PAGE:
What Were Once Vices...
Notable Gay and Lesbian Eyes
Sam Spade seemed to take some genuine pleasure in slapping around both Wilmer (that gunsel!) and Joel Cairo in The Maltese Falcon, and gays and lesbians (and transsexuals) have been treated more or less the same way in the genre for decades. When they weren't being reduced to campy comic relief, they were generally gender-confused homicidal freaks.
However, that all started to change in the sixties, thanks to Lou Rand's The Gay Detective (1961) and especially with the publication in 1970 of Joseph Hansen's Fade Out, featuring a tough-minded, middle-aged insurance investigator, Dave Brandstetter, who just happened to be gay.
Here, then, are a few of the more popular or significant gay, lesbian and transgender eyes...
Arguably the first gay private eye (1961)
And certainly the best. Still.
In tandem with the success of women sleuths in general in the eighties, came the rise of the lesbian eye. Who knew? While Kinsey, Sharon, V.I. et al were assaulting the mainstream bestseller lists, in alternative and women's bookstores, readers first began snapping up lesbian novels featuring lesbian P.I.s by the armful.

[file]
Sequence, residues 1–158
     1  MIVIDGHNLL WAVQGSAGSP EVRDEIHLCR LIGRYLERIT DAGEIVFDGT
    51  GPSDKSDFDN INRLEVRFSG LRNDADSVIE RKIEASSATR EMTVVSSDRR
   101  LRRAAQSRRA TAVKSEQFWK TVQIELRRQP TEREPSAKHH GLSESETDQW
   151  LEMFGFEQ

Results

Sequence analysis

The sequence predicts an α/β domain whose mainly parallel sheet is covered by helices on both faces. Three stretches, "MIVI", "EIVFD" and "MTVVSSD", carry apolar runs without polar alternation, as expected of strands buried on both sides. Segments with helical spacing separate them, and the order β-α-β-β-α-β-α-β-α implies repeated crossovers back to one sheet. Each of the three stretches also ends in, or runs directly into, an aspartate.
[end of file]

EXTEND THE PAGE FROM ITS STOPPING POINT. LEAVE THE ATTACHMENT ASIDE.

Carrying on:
Mostly printed by small, independent presses (Naiad, Seal, Crossing, Womansleuth, etc.), lesbian private eyes were soon everywhere. The books weren't always great, and some seemed rather formulaic (by 1989, The Village Voice was snarking that "If it's a Naiiad book, you can bet she'll be in bed with some cute thing by, oh, page 120.").
Still, there was no doubt that the dyke dick had arrived.
Generally considered the first lesbian eye (1977).
The first lesbian sleuth by a mainstream publisher (1978, in paperback).
One of the first, published in Britain, 1979
The first lesbian eye to be published as a mainstream hardcover (1991)
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